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PHL Navy receives remaining three TC-90 aircraft from Japan

The Philippine Navy on Monday formally received the three remaining units of the Beechcraft TC-90 aircraft from Japan, which would be used to enhance the maritime surveillance capability of the troops.

The arrival and transfer ceremony, which was held at the headquarters of the Naval Air Group in Sangley Point, Cavite City, was headed by Defense Secretary Delfin Lorenzana, Armed Forces chief General Rey Leonardo Guerrero, and Navy chief Vice Admiral Robert Empedrad.

Other attendees were Japan Ministry of Defense delegates headed by Parliamentary Vice Minister of Defense Tatsuo Fukuda; Commissioner of Acquisition, Technology and Logistics Agency Yoshiyuki Suzuki; Japanese Ambassador to the Philippines Koji Haneda and other delegates from Japan Maritime Self-Defense Force.

The arrival of the air assets, which marked the completion of the transfer of five units of Beechcraft TC-90, was accorded the traditional water cannon salute. The whole project was in pursuant with the agreement between the Philippines ang Japan that was signed in Manila on February 29, 2017.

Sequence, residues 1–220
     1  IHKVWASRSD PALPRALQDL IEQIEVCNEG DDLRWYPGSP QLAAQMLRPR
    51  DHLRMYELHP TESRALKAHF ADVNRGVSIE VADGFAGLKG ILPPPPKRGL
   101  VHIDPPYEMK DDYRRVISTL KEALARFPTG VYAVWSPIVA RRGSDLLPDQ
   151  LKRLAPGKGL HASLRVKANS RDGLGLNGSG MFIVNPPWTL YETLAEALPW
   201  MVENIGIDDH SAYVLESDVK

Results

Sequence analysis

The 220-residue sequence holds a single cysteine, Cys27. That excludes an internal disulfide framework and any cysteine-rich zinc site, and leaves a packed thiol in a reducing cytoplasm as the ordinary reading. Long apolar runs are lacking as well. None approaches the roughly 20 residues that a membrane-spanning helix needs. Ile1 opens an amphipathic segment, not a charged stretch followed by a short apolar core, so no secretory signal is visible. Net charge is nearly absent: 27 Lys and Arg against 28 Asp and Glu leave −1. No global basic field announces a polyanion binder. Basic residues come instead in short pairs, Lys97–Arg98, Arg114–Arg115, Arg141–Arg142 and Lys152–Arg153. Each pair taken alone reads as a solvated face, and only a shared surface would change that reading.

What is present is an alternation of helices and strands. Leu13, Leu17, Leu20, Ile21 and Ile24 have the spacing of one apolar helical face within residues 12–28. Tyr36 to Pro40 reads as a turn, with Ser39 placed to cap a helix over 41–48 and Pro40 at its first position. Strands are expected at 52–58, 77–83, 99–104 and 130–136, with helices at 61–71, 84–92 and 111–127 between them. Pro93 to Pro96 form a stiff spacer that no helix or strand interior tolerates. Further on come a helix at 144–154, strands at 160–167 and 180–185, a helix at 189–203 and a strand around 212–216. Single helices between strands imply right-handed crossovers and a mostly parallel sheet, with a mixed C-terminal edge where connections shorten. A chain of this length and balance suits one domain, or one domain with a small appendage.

Two units which were previously commissioned were leased to the Navy in March last year. Empedrad, however, said that "because of amendment in Japanese law that allows the grant of defense equipment to foreign countries," all five aircraft will be formally granted to the Navy.

"[T]he grant of five TC-90s...will undoubtedly boost by large the capability of the Philippine Navy in maritime security, humanitarian assistance and disaster relief, international defense and security engagements and other utility services," Empedrad said in his speech.

"The activation of the 5 TC-90s aircraft into the service of the PN is truly a huge leap in the PN's air capability," he added.

Empedrad also underscored that the TC-90 is "far more superior" than current inventories in terms of "speed, range, longer loiter time capability, superior search, tracking, imaging and identification, larger capacity for medical evacuation, other utility missions, and can participate in maritime exercises and other engagements internationally."

With such aircraft, Lorenzana said "grey zones in military affairs can be lessened through real time information."

"As threats in maritime security continuously change, so are the means of maritime cooperation," he said. "Sea lines of communication and critical chokepoints are significant factors to be considered to maintain regional peace, prosperity, security. In the pursuit of shared interests, our barriers to defense cooperation will continue to blur."

Meanwhile, the projected pilots and crew of the TC-90s have undergone extensive training on operations, safety, and other critical features of the aircraft in Japan, according to Empedrad.

"In addition, the government of Japan has committed to provide in terms of spare parts and capacity building in the field of aircraft maintenance and sustainment," he added.

The newly-acquired aircraft will also be repainted and refurbished prior to its deployment just like the activated and renamed Naval Vessel 390 and 392. —KBK, GMA News